At its core, what we’re saying is that the standard of objectivity remains sacred as ever. The fact there needs to be a demonstration on the streets, 400 years after the invention of the scientific method? To once again defend the principles of objectivity? It’s insane. I mean, it’s unbelievably important, but insane.

Oh by the way, I have a message for the people who say that message adds to the elite image of scientists; that message is [raspberry fart noise]. If there’s one bipartisan line in the sand we have to insist on that is not elite, its objectivity! It is by definition just what it is! Objectivity!

Many young people interested in science are hesitant about pursuing a career because of the decline in science jobs and funding. What’s your advice to them?

Begin with science and see where it takes you. If you start with science and you find it to be your passion, odds are you’re going to get good at it and the money will come. If you get sidetracked, so be it! You’ll find that you’ve learned the importance of objectivity, how to breakdown problems and countless other skills.

I also think the decline is narrowly defined to classic academia. What about Skybox, or Google Earth? I mean, we’re at the beginning of the most profound knowledge revolution EVER and you’re telling me that a good scientific mind won’t find a place in that?! Why that’s ridiculous!

What does it mean to you that Ocean Conservancy is a science-based organization?

EVERYTHING. I wouldn’t be here otherwise. I don’t know of many organizations that understand to the degree we do that the line between science and advocacy is blurring, and you can only be an advocate if you advocate for something.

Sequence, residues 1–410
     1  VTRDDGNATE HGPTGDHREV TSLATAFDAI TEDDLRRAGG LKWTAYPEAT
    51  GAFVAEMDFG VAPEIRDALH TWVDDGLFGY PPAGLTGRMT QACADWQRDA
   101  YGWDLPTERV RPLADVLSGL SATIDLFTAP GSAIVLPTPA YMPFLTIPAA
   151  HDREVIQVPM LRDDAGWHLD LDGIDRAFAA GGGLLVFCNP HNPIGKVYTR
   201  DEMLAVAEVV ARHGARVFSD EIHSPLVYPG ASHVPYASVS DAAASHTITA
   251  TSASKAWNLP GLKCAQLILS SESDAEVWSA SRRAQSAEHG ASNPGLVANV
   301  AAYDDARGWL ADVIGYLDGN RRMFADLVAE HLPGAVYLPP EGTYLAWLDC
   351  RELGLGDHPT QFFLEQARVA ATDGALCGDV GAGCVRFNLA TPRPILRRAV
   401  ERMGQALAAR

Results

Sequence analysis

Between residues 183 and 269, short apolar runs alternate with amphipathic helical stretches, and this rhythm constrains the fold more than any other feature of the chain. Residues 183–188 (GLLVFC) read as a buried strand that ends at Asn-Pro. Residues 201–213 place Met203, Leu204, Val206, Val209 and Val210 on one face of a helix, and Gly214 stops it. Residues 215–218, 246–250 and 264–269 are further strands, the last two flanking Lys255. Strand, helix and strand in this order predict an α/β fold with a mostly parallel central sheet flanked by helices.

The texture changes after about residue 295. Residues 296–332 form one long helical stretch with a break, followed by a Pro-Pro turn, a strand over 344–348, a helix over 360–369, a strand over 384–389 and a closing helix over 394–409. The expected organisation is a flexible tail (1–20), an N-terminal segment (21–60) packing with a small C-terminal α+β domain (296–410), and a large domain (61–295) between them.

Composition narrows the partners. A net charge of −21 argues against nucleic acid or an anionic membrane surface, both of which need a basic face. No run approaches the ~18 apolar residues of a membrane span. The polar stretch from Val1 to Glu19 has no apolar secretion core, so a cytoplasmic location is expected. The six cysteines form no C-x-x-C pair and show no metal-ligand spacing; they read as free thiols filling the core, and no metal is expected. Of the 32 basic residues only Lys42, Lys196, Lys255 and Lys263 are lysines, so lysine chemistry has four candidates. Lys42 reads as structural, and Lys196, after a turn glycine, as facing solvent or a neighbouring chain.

So what’s that something going to be in the oceans? We really don’t quite know anymore. We could do the safe stuff… overfishing is always bad, pollution is bad, cutting down mangroves is bad; it’s the classic, “The bad man is coming to take it away, let’s stop the bad man” brand of environmentalism, but the sum of all that gets us nowhere with today’s systemic threats. So for us to ask questions like, “how do we put together creative management that is adaptive to the level of change?” is pretty cool.

Why are you supporting the March for Science?

Because it proudly supports the bedrock principle on which a modern enlightened and humane society is founded, which is the existence of a standard of objectivity against which everything else has to be measured: Objective truth. Once you do away with that, we’re thoroughly screwed.

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We Did Something Bold http://blog.oceanconservancy.org/2017/03/21/we-did-something-bold/ http://blog.oceanconservancy.org/2017/03/21/we-did-something-bold/#comments Tue, 21 Mar 2017 19:00:21 +0000 Andreas Merkl http://blog.oceanconservancy.org/?p=13967

Today, Ocean Conservancy took a bold step.

I am proud to let you know my friend and colleague Janis Searles Jones has stepped into the role of Ocean Conservancy’s CEO as I assume the role of President. This mutual decision was unanimously endorsed by Ocean Conservancy’s Board of Directors.

Yes, this is unusual. But we live in unusual and uncertain times. The current U.S. political climate poses a challenge to the ocean and coastal communities, to put it mildly.  We need to be at our very best.  This move allows Janis and I to focus on what we do best. It builds on the extraordinary partnership that we have shared over the past four years here at Ocean Conservancy. Janis’s passion for our field work and conservation programs, extensive litigation and strategic experience, deep domestic policy knowledge and expansive networks makes her the best leader an organization could ask for as we navigate these uncharted waters.  I have had the privilege of leading the organization through a significant period of international growth. I will continue to prioritize this work in my new role with a focus on expanding Ocean Conservancy’s international climate work, cutting-edge fisheries management tools, and our global efforts to reduce the amount of plastic waste flowing into the ocean.